Friday, March 18, 2016

Blowing the budget

On March 16th., Budget Day for HM Government,  Defra released its 2015 figures for zTB casualties, and as we predicted in this posting -[link] the numbers of cattle slaughtered are some 32 per cent higher than were forecast.

Farmers Guardian has some nuggets - [link] from the annual tally; but as  Defra have offered their EU paymasters 27,440 dead cattle and a downward trend in disease in 2015, that particular budget is well and truly blown..

Wales reports a staggering 27 per cent increase in slaughtered reactors over 2014, and is said to be considering some drastic measures [ link] including reducing to not a lot, compensation for reactors purchased under license. England's increase over 2014 is 6 per cent, with the SW reporting arguably their worst year on record. And the areas allegedly acting as buffers, Defr'a  Edge, are bubbling nicely.
Thus despite a decade of cattle measures and their associated modeled predictions of reduction in disease incidence, nothing was achieved.

It is said that a definition of insanity, is repeating the same action - [link] but expecting different results.
But that is precisely what Defra's mandarins have done by bearing down on cattle with small token culls of grossly infected  badgers in a very few, small areas.

And we have no doubt that some more imaginative schemes to save money, such as dreamt up by the Welsh Assembly government, will surface as Defra's budget is blown apart .

Sunday, March 13, 2016

BBC - British Badger Cabal ?

For years now we have had to endure anthropomorphic fluff from the nation's premier broadcasting company, (at least in its own eyes) when it comes to badgers. But is the tide turning?

 Shown on BBC 2 and hidden amongst a programme dealing with Country Life magazine, was a harrowing piece on TB testing, reading and finally loading for slaughter, some home bred dairy cattle. For the next couple of weeks, the programme can be viewed on iPlayer - [link]

Maurice Durbin, the farmer, his staff and their vet all came across as caring and deeply upset by the effect of zTB on this lovely herd. The story was reported in the local press - [link] but the programme then prompted an outraged flurry from the Badgerists, in the form of a letter to the Director General of the BBC, accusing it of 'bias'. On that we can make no printable comment.

 The editor of Country Life, Mark Hedges, who gave an excellent overview of the situation which many livestock farmers now find themselves in, at the end of the programme, also gave an opinion statement to The Times.

Under the strap line "BBC must not give in to bullying by the Badger Trust", the article begins with criticism of the 'grip that pop star Brian May and his Badger Trust, has on the media and the dairy-farming industry'.
Mr. Hedges explains:
"One section of the programme, which is based around the magazine I edit, showed the distressing reality of life on a West Country farm that has been shut down for most of the last six years due to bovine TB. It seemed to open the eyes of viewers, an overwhelming number of whom have demonstrated sympathy for the farmer and his family, but the trust didn’t like it one bit and has complained to the BBC about impartiality."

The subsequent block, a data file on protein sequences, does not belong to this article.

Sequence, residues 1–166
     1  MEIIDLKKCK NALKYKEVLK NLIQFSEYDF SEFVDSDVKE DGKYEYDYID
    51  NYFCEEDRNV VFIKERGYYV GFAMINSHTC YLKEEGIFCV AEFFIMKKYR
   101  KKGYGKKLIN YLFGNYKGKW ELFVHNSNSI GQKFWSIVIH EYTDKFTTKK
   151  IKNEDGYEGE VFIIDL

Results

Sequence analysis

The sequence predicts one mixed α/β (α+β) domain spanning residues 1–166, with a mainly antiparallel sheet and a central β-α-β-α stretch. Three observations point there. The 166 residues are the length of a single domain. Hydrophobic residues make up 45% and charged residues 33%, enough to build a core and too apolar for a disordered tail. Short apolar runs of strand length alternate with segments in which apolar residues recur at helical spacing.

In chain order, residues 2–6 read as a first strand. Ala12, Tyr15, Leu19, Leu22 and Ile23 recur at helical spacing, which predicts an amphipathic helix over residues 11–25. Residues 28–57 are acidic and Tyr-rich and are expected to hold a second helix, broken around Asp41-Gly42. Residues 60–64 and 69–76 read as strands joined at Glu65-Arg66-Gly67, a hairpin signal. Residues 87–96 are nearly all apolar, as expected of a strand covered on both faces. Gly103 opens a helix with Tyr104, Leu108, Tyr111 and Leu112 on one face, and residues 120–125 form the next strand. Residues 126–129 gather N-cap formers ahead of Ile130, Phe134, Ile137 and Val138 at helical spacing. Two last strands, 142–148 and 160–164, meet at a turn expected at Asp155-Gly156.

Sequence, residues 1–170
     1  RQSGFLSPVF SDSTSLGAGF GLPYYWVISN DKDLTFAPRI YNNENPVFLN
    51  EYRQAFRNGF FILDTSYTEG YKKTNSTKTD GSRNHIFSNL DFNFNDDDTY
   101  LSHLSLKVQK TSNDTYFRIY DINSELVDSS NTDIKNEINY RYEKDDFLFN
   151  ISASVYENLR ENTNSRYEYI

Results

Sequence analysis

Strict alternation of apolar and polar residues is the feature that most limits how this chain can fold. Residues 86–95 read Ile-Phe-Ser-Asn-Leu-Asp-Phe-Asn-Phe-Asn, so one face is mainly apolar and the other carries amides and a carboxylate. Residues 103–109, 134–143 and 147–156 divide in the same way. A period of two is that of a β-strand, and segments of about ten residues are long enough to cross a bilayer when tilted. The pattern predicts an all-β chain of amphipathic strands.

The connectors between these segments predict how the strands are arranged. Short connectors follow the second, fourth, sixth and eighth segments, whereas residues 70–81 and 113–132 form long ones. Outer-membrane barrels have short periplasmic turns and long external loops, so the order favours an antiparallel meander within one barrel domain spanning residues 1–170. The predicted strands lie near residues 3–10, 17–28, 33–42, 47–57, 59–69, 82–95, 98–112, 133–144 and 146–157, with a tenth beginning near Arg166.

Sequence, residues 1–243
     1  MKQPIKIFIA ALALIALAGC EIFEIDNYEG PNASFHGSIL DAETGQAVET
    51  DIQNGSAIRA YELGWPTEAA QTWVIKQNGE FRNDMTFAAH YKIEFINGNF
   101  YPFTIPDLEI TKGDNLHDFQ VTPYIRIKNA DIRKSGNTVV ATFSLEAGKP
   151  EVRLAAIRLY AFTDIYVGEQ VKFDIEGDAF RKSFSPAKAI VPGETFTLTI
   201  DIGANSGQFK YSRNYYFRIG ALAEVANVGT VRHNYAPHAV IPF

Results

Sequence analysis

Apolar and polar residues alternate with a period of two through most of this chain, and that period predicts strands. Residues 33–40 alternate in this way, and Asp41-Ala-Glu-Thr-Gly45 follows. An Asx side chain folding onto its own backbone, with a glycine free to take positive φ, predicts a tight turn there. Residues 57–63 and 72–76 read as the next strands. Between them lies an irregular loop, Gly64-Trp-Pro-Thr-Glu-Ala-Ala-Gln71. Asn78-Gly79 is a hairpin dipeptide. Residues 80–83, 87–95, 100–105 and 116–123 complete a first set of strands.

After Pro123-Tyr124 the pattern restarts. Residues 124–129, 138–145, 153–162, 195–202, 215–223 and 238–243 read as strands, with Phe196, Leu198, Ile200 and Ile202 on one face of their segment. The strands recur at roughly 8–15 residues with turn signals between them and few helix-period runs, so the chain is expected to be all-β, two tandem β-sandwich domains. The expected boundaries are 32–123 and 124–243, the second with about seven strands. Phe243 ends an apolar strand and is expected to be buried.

Mr. Hedges continues:
The programme has certainly got everyone talking about an aspect of the bovine TB tragedy that is rarely seen. The tension was palpable as we watched Maurice Durbin’s pedigree Guernsey herd, which he inherited from his father, being tested for TB. “Poor old girl, she’s got to have a little trip,” he said, bottom lip trembling, as another cow was sent to be slaughtered.
This happened to some 36,000 cows, many in calf, in the UK last year, although you won’t find protesters outside farm gates complaining about the cows’ fate. Instead, they’re too busy harassing the farming communities where Defra’s pilot badger culls have been taking place. Mr. Hedges resumes his story:
"As I said on television, the cull has not been perfect in its execution, but there is evidence that farms in Somerset are now free of TB for the first time in years. Science should be allowed to take its course. Although measures can be taken to prevent badgers getting into farmyards, little else can be done to prevent them infecting cattle in the fields."
And Mr. Hedges has certainly got the point that:
"Britain’s dairy industry is on the brink of disaster because of decades of government dilly-dallying and a one-sided view of the badger. However charming a creature it may be, its inexorable population growth has been at the expense of the hedgehog, ground-nesting birds and bumblebees.

There are always two sides to a story, and we are proud that we have enabled the farmer’s story to be told at last. A single-issue group should not be allowed to bully the BBC for doing that."
(Mark Hedges is editor of Country Life.)

 There is only one point we would make on this programme or Mr. Hedge's article, ( apart from sending our thanks and best wishes to Mr. Durbin and his family, Mr. Hedges and Country Life magazine) and that is zoonotic Tuberculosis is not a disease which affects only 'dairy cattle' .

It is a grade 3 pathogen and affects any mammal, and thus should not be allowed to rampage through our badger population at all.
Mr. Durbin's story can also be read in Country Life - [link]